Facebook are going to have to do something super smart to leverage their community into realizing their 3 billion (?) price tag. I hear that they are going to be developing a behavioral based ad model in the near future so they can up their conversion ratio and thus their prices.

  8. Brian Breslin Says:

    i think one of the issues to consider here is not the super low clickthru, as there are more innovative methods to advertise on the site. think of the transactional possibilities in the app platform, and the fact they could theoretically target ads like crazy with the amount of data they have on everyone. coupling this with yahoo’s smart ads would be nice move. behavioral ads.

  9. Massimo Moruzzi Says:

    no offence, but it seems to me that you guys would put “behavioural ads” (whatever that means) all over the place on ebay, too, if it were up to you…

  10. Neil Says:

    I’m not convinced about behavioral ads to be honest – they will work at first, then people will get used to them and then they will begin to fail.

    They definately work in an environment where you are already buying something (amazon for example), but on a platform like Facebook – who knows, possibly not.

  11. meir Says:

    If you were buying this inventory at a $0.05 CPM and you had a 200:1 conversion you would have paid $100 for 1 signup, and on POF this would be a Free signup. Wow, that’s expensive.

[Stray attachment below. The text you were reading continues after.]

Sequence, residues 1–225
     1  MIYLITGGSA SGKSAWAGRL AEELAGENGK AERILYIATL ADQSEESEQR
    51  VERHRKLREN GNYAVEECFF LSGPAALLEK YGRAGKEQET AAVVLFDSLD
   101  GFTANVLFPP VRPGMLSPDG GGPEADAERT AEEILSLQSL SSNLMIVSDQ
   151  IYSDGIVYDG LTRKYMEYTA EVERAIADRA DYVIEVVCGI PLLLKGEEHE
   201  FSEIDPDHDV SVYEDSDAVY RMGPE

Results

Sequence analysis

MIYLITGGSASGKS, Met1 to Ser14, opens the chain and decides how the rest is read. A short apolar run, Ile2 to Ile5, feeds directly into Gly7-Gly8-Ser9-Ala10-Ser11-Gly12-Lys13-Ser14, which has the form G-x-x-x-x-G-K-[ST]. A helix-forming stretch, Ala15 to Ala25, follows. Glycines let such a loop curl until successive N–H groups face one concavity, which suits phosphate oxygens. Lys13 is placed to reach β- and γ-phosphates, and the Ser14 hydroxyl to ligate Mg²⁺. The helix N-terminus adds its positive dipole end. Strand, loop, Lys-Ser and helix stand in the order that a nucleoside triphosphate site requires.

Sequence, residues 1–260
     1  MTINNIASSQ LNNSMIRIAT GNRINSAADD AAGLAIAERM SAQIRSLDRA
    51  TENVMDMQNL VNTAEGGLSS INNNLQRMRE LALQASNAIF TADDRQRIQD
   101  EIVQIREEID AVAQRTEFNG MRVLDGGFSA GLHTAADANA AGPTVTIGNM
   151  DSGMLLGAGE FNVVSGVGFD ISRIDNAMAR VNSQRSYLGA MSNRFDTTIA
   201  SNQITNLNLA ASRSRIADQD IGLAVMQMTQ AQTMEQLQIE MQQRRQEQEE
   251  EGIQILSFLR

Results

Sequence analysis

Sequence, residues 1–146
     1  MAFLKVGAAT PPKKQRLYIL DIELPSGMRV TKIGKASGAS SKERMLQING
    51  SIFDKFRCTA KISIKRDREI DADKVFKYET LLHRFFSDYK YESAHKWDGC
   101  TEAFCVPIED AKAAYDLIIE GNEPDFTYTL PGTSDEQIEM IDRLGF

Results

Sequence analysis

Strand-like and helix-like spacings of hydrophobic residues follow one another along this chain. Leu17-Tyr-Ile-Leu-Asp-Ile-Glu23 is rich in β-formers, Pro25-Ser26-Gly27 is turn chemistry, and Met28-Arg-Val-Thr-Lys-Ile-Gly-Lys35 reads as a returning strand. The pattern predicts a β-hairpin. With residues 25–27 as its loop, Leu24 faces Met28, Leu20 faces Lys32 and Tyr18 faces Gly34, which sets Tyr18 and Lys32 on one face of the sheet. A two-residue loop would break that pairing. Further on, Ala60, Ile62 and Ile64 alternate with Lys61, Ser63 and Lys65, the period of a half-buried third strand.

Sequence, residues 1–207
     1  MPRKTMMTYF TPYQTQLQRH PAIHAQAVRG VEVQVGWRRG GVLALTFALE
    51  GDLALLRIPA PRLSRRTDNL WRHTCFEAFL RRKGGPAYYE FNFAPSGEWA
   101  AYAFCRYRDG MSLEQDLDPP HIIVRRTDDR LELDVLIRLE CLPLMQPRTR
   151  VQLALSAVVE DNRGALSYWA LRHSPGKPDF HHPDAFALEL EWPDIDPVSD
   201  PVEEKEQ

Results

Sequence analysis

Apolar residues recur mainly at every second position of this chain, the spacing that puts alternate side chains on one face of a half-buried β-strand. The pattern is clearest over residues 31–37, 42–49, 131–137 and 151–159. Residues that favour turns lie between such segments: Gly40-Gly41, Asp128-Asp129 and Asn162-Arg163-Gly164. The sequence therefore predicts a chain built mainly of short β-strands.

A couple of questions, how much did this CPA come out to? This would indicate the CPM you bought at (if you can’t disclose this I understand).

    Secondly, how many impressions did run on this test? At a .04% CTR you would have needed to run 5mm impressions to yield 2000 clicks. Did you run this many? more?

  12. Markus Says:

    I’ve never been able to do better then $100/signup on bebo or facebook.

    in facebook google just tossed them into the content network one day, not sure what the CPm was as many ads were displayed with others. But it was definately over $100/free signup. Pretty much every click was accidental.

  13. Max Tower Says:

    Markus,

    You’re site is similar to facebook in that many of its users create a lot of pageviews. What sort of CTR are you seeing for your ads?